Bude is a popular seaside town located on the North coast of Cornwall near the Devon border. It has been regularly named the UK’s best costal town at the British Travel Awards. The vast spotless golden sandy beaches of Bude are popular with surfers and tourists. Holidays in Bude provide a great place to go walking and explore the North Cornish coastline’s spectacular geology.
Bude is a laid back and endearing corner of Cornwall. The town has plenty of independent restaurants, shops, bar’s and cafe’s to spend the afternoon and evening exploring. The Bude canal, shown in the image above, is also a great place to hire a pedalo and explore the mouth of the River Neet. If you are looking to visit Bude for a short getaway or a that long awaited summer holiday, there are huge variety of holiday cottages in Bude to choose from.
Historically the town of Bude became notable as a ‘safe harbour’ for ships from the winter storms that would lash the North Cornish coastline. The Bude Canal also ran all the way to Launceston. This was used to transport coastal sand and soil that are rich in sea minerals. These deposits would then be used by farmers inland to improve the yields of their crops. The real growth of the town however came during the Victorian era. When it became popular with holiday makers looking to escape the soot filled urban city streets of the industrial revolution.
Directions to Bude
To get to Bude by car via the scenic route, also know as the the ‘Atlantic Highway’. Leave the M5 at Junction 27, and follow the A39 going past Barnstaple & Bideford and then into Bude. For those in a hurry, which is definitely not the Cornish way! Drive South West down the A30 to the Okehampton turn off, then follow the signposts for Bude heading West.
Visit St Nectan’s Glen, located within a wooded valley close to Tintagel, St Nectans Glen is one of Cornwall’s hidden gems. It also is believed to be a deeply spiritual location by local people and visitors alike.
The history of St Nectan’s Glen goes back as far the 6th century when St Nectan lived a life of solitude in a cave located atop one of the waterfalls in the valley. He was believed to have a bell near the entrance to the cave, which he rang out to warn ships near the coast during stormy weather or when the heavy fog rolled in.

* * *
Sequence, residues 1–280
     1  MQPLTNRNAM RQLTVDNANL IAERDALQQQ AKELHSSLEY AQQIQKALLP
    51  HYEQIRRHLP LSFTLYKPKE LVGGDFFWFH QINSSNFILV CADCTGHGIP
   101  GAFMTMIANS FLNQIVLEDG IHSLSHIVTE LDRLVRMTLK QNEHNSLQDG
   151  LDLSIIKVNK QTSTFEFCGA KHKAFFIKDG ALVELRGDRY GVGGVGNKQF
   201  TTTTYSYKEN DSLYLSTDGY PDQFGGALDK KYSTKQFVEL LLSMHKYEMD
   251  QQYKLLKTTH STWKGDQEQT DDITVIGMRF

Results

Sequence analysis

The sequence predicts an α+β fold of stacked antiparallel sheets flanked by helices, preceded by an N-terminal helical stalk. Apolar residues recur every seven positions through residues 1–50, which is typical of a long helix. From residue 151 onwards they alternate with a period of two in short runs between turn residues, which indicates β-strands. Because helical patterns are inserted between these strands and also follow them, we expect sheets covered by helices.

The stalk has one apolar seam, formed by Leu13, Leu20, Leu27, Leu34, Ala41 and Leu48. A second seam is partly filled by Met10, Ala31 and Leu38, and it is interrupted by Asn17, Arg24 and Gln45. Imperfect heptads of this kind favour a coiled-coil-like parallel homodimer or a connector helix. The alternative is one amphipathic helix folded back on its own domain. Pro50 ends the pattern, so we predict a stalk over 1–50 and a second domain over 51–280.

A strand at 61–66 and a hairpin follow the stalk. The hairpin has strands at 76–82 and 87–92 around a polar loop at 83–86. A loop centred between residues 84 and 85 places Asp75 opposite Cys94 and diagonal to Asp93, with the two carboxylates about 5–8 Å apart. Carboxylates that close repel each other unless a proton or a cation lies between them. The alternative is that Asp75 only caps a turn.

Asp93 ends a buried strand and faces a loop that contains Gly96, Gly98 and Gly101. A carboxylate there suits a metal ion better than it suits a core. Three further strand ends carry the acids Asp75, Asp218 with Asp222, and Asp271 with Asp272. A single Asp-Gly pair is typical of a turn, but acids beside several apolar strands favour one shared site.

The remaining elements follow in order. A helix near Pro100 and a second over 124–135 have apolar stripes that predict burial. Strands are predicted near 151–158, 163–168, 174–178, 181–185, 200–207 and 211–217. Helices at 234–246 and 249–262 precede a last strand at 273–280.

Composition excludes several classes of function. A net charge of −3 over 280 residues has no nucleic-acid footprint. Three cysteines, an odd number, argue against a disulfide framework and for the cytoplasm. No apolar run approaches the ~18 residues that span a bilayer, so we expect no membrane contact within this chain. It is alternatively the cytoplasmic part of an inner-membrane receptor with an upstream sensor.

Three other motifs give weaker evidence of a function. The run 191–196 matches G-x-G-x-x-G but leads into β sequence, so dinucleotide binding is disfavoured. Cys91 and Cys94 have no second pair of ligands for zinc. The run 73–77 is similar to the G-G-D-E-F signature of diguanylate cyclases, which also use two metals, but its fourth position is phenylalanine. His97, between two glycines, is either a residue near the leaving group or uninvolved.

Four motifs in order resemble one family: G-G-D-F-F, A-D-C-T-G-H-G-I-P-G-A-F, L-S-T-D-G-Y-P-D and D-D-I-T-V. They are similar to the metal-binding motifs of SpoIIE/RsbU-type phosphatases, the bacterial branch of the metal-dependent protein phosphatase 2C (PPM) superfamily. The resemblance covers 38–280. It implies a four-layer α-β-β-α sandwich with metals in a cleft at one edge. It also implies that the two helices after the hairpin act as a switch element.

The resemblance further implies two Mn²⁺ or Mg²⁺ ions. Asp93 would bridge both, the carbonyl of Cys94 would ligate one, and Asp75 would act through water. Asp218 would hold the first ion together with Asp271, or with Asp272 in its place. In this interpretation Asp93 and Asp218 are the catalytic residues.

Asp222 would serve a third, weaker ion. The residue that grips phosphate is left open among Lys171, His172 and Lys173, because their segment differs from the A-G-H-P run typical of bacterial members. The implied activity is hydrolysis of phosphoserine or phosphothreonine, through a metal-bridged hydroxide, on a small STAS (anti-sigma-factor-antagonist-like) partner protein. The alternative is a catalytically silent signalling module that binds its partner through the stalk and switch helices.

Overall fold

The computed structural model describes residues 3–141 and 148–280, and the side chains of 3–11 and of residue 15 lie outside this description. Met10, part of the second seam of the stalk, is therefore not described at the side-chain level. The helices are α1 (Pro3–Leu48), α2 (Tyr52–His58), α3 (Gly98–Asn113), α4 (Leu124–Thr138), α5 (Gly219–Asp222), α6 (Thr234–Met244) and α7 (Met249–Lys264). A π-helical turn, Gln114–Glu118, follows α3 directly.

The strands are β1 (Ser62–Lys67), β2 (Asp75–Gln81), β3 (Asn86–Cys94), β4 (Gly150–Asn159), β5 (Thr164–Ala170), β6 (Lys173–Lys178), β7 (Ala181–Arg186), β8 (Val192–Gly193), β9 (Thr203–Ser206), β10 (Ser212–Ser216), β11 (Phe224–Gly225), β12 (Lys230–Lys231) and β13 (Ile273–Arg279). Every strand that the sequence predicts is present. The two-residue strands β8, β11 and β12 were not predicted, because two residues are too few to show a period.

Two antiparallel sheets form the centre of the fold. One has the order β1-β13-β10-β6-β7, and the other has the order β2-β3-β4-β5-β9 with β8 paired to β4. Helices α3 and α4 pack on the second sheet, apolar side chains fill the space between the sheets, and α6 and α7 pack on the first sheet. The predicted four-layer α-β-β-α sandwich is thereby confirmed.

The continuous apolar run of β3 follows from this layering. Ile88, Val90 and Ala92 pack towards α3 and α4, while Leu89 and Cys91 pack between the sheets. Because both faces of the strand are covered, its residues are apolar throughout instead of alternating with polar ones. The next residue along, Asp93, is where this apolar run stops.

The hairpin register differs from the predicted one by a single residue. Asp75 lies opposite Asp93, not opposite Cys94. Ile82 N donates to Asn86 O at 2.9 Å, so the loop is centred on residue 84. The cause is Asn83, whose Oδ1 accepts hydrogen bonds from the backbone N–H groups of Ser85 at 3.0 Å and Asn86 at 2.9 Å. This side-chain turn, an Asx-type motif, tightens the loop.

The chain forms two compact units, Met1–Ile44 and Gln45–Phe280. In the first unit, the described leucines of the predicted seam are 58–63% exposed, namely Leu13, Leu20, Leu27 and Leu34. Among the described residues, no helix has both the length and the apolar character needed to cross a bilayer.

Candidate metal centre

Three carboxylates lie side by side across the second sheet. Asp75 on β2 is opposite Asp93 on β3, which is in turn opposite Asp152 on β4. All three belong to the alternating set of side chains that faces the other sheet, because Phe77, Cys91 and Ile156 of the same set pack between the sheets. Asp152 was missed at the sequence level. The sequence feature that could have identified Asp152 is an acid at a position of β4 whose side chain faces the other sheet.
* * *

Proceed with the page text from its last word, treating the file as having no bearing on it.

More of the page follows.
A visit to St Nectan’s Glen will lead you on a walk though enchanting woodland mixed with a wide variety of birds and wildlife. Along the way you will see the signs of piskies & fairies that are believed to exist in these parts. Make sure you look out for the fairy stones, especially down by the babbling stream that winds it’s way along your route. In the distance you will already hear the sound of the waterfalls ahead, but take your time and enjoy the splendour that surrounds you on your journey through this ancient woodland.
It’s worth noting that the woodland trail is around a two mile round trip, so take this into account when you are planning your visit.
At the end of the woodland trail a trilogy of waterfalls await you. The main attraction is the waterfall located in St Nectan’s Kieve. This is a magnificent 60ft waterfall that has over time forced it’s way through the stone, to produce a spectacular hole where the water cascade’s down into a shallow pool the valley below.
By car, head from Tintagel to Boscastle on the B3263 road. You can park in the free car park situated just off the road in Trethevy. If you are planning to base your holiday or short break near to St Nectan’s Glen there are a wide range of holiday properties in Cornwall to choose from.